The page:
Reprinted from "Housing and Homelessness" issue of Visions Journal, 2007, 4 (1), pp. 31-32
Who would have thought, in 1971, that the need to get high-risk people off the streets of Vancouver's Downtown Eastside would expand to the point of needing several shelter, residential and support programs reaching across the Lower Mainland? No one anticipated that every form of social safety net would be as overwhelmed as they've become.
The Lookout Emergency Aid Society's housing program began 36 years ago with a three-bed, night-time emergency shelter in what was then known as Skid Row - and now known as the Downtown Eastside (DTES). This shelter opened in response to a growing trend of older homeless men showing up at a youth hostel. Since then, Lookout has grown to offer a range of housing options, including some that have 24-hour staff support and others that are for more independent clients, with support offered as needed.
Our vision is larger than "emergency shelter." We are a safety net for society's most vulnerable people. We don't limit ourselves to a narrow mandate, except that as an adult-oriented service, we are not suitable for children. Those coming to us face a wide variety of challenges, including mental illness, chronic alcoholism, problem substance use, mental/physical handicaps, chronic health problems (including HIV/AIDS), and legal issues - or they are simply unable to cope. People dealing with mental health issues predominate, particularly those with addictions or other issues that prevent them from securing or maintaining stable housing.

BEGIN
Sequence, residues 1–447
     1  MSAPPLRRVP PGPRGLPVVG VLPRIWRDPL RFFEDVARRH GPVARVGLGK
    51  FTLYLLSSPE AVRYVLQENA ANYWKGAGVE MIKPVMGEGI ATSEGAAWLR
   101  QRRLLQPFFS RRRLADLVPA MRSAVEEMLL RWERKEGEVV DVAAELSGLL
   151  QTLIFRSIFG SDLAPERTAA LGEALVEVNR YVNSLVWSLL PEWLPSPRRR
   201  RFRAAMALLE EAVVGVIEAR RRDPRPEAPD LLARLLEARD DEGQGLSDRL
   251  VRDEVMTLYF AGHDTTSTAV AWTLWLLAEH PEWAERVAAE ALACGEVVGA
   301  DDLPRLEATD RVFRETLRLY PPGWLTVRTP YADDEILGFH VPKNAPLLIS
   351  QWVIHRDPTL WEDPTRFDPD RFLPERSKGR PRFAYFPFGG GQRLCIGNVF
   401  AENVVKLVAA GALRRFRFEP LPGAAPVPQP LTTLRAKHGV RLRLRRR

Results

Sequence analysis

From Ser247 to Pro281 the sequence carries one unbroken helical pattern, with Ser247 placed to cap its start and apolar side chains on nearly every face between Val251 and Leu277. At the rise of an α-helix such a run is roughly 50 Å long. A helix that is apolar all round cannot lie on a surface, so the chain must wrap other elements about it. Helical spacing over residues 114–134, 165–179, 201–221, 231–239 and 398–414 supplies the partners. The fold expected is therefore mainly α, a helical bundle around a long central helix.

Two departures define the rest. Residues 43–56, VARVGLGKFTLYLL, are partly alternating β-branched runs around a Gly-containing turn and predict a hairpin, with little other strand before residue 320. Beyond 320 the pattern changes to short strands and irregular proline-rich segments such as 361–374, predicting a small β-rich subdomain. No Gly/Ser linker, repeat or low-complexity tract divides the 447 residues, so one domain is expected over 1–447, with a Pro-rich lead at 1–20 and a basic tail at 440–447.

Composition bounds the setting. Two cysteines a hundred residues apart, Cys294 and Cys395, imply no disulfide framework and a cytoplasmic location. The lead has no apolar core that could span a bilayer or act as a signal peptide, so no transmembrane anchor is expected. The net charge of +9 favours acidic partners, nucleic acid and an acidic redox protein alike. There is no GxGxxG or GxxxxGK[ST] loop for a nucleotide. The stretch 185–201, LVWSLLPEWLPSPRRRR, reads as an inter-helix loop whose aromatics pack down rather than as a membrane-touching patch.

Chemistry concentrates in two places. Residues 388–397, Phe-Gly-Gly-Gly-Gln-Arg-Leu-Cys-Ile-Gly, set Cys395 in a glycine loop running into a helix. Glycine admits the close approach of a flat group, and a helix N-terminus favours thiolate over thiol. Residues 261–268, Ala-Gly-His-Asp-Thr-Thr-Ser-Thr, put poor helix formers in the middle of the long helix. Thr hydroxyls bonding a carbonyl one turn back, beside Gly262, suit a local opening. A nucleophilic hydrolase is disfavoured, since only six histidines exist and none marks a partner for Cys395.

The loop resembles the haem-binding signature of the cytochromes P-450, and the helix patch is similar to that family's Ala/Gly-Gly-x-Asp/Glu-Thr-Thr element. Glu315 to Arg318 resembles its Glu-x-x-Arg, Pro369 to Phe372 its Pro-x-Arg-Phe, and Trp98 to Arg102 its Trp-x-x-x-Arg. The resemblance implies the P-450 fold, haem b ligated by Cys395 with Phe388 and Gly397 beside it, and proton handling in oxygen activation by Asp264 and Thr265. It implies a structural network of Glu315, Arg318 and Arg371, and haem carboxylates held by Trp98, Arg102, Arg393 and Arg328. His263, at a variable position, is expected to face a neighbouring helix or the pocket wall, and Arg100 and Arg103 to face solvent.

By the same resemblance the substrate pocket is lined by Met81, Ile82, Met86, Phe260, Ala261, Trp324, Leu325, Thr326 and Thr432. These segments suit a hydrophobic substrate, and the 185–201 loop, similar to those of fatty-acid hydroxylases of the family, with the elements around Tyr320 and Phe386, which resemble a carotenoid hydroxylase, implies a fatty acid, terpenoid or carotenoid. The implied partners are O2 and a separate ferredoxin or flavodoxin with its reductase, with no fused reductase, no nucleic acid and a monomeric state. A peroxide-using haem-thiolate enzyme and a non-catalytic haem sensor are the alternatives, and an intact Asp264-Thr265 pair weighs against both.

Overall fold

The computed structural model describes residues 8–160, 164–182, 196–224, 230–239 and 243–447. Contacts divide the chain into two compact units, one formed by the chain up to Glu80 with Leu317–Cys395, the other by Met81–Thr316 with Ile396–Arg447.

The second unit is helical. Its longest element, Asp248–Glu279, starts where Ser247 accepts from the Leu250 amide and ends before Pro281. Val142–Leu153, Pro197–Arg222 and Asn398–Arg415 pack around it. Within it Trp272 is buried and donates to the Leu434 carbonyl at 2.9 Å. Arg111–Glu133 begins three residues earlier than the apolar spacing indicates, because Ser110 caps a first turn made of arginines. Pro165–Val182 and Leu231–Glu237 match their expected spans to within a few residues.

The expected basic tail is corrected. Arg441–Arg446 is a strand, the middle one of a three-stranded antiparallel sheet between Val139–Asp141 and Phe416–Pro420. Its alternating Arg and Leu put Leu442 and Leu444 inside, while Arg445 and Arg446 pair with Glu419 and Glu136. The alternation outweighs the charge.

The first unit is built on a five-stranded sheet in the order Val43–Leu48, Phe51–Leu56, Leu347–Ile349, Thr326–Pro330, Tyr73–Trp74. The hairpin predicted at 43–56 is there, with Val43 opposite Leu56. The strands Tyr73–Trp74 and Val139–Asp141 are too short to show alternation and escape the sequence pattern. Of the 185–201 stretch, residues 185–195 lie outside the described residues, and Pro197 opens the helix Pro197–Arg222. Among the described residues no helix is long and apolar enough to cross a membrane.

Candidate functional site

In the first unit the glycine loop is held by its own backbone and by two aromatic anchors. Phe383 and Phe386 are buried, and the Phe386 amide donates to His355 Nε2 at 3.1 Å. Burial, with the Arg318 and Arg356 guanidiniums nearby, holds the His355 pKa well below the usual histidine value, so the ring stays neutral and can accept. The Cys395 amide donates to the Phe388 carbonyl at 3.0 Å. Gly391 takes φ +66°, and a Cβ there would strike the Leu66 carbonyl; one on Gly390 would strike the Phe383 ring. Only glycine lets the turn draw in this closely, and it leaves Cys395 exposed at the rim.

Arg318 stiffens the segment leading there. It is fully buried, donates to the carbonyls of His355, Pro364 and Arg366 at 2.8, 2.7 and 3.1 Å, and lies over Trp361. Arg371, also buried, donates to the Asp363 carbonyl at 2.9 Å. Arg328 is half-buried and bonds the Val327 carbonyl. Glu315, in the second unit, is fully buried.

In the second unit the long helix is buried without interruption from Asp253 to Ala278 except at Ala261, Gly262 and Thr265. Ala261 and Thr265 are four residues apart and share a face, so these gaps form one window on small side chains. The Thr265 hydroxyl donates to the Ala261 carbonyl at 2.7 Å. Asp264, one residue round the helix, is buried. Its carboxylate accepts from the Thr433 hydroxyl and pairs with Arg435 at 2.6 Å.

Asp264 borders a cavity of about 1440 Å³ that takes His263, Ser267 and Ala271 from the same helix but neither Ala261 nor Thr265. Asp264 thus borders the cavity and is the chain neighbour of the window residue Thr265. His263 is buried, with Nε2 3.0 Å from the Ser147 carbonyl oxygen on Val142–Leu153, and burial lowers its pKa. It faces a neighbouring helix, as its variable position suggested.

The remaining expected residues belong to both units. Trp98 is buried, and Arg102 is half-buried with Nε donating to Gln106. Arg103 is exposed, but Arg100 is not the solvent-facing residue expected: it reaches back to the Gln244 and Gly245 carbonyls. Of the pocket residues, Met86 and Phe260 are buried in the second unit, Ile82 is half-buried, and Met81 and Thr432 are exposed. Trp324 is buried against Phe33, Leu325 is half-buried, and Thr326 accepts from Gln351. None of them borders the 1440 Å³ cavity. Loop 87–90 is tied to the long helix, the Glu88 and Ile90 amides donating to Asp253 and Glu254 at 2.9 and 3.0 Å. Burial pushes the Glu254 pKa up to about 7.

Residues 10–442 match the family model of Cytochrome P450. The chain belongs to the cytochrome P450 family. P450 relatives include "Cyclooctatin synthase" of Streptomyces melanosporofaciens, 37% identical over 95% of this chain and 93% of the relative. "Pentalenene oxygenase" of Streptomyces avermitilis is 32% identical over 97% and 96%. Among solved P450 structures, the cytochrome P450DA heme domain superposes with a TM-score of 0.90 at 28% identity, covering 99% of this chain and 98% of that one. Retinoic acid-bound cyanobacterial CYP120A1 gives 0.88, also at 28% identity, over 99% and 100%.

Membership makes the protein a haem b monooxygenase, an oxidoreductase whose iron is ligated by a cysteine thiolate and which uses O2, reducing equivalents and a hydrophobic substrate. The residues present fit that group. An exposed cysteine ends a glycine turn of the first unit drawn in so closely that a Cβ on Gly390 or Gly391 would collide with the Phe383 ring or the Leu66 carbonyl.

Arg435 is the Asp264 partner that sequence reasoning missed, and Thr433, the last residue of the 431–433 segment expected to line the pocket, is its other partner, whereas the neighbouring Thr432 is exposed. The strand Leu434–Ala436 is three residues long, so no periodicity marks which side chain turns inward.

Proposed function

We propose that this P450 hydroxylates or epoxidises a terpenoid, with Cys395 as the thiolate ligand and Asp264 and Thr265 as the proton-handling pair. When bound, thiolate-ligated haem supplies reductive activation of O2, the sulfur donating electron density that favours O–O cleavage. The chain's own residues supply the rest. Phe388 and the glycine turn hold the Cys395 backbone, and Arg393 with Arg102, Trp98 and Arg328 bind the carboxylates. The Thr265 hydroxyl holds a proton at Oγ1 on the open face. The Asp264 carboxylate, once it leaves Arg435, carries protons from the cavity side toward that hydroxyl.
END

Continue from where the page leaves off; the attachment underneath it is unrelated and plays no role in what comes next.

1971: First emergency shelter opens in Vancouver's Downtown Eastside (DTES)
1978: A long-term housing program gradually implemented: Lookout extended support to other residents of the hotel in which the emergency shelter space was leased
1981: Built first facility housing the now 42-bed emergency shelter as well as 39 supportive, long-stay units
Much more than just a bed and meals
In an internal survey Lookout did in the mid '90s, we found that 4% of those with multiple problems living in the DTES die within one year if we only provide emergency shelter during crisis. Where we have been able to engage and assist people with our take-care-of-whatever-is-today's-problem type of outreach service, we have seen the mortality rate change to 0.4%. This is a tenfold improvement in life expectancy - and immeasurable quality-of-life improvement goes along with it.
Lookout's 24-hour shelters are much more than a bed and meals. We provide crisis interventions, access to a free phone and internet, free laundry, clothing and showering facilities. Lookout staff assess needs, do case planning, provide liaison/referral services and advocacy, and try to bridge people to treatment services and financial supports. We work with each individual to link them to the supports they need to break the cycle of homelessness.